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Dilshan hails Sri Lanka display

Investec Test Series

Watch the first day match reaction - featuring Tillakaratne Dilshan and James Anderson

 

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Sri Lanka captain Tillakaratne Dilshan was delighted with his side's position after day one of the first Test against England at Cardiff - despite his frustration at his own dismissal.

The tourists opted to bat first when play eventually got under way at 3.30pm following a series of showers, and were handily placed on 133 for two at stumps after Dilshan and Tharanga Paranavitana both made half-centuries.

The opening pair survived some nervy moments as England's bowling attack opened impressively on the hosts’ return to the game's longest form for the first time since their Ashes triumph in Australia.

After a watchful start, Dilshan was more offensive in his approach after the tea interval and brought up his fifty off 92 balls, only to fall two deliveries later as he dragged Graeme Swann on trying to cut, bringing an end to a 93-run opening stand.

Paranavitana, in good form after registering hundreds in the tour games against Middlesex and England Lions, finished unbeaten on 58 with Mahela Jayawardene on four.

Dilshan said: "I'm very happy with 133 for two, although personally I am very disappointed that after getting in I played a bad shot and got out. Otherwise I am happy with the performance.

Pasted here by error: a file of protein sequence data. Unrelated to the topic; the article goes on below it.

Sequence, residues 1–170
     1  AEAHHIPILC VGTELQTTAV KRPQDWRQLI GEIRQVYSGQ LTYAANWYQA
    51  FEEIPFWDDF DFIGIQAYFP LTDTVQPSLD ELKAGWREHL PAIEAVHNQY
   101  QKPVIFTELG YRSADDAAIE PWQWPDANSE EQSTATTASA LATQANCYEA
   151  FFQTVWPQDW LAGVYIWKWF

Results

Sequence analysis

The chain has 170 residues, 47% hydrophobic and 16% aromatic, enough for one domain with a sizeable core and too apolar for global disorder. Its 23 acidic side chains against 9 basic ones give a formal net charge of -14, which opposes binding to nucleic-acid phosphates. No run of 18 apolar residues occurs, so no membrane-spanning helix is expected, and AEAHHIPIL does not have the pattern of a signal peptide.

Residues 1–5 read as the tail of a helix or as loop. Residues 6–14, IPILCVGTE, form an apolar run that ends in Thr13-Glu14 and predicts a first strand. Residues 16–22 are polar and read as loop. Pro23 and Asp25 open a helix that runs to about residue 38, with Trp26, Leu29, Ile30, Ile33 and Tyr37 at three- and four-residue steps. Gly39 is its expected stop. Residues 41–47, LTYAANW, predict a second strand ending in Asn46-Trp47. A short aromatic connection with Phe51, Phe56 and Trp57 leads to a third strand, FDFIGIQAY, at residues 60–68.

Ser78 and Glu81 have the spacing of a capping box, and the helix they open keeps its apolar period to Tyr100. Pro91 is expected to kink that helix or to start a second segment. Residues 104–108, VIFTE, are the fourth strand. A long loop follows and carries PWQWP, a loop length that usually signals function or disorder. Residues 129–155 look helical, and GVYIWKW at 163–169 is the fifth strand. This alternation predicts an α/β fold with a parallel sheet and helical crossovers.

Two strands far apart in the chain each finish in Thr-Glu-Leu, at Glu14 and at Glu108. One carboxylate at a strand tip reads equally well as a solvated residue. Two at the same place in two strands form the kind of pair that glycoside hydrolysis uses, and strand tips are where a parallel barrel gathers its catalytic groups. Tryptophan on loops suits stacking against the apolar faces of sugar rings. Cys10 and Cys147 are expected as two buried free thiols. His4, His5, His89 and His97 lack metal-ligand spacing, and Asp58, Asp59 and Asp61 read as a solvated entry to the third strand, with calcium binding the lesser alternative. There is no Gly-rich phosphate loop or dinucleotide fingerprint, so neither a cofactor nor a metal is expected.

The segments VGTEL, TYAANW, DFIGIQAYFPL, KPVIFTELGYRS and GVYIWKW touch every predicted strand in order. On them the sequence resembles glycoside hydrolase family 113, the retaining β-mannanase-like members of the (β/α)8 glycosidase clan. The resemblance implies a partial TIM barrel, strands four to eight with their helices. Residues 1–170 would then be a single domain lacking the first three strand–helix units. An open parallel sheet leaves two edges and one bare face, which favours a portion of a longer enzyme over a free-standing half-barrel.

"I thought the three England quicks bowled well - they bowled a good line - but Paranavitana batted really well and overall I am very happy.

Tillakaratne Dilshan

Sri Lanka skipper Tillakaratne Dilshan drives through the covers en route to a fluent 50 on the opening day of the first npower Test

"Batting was difficult early on but the longer you batted the easier it got and after getting 50 I played a really bad shot, so I was very disappointed to get out."

Dilshan, leading his country for the first time, said it had been a straightforward decision to bat first, despite the rain that had fallen through much of the morning, and is hopeful that his late decision to play Ajantha Mendis as a second spinner will pay dividends as the match goes on.

"The wicket is a bit flat but it is two-paced. I think it is the right decision to bat first, and I think the wicket is going to start turning," he said.

"We decided this morning (to pick Mendis). When we came here they had cut the grass a bit more yesterday and today and so I changed the decision as I thought maybe it would be right to play two spinners.

"If we can put some runs on the board - more than 350 or 400 would be a good score on that wicket - we can try and put pressure on the England side."

Dilshan also revealed that Kumar Sangakkara had no issue with the decision to give him out using the Decision Referral System.

The former Sri Lanka skipper was adjudged not out by umpire Aleem Dar after England appealed for an edge behind off James Anderson, but Andrew Strauss chose to review the decision.

‘Hot Spot’ showed a mark on the bat and there was an audible noise as the ball went past the blade, but Sangakkara initially appeared less than impressed when he was sent on his way with just 11 to his name.

However, Dilshan said: "There is a lot of technology there and it helped for the Sangakkara decision.

"He was happy (with the decision) after he came back to the dressing room he could see the edge on Hot Spot."

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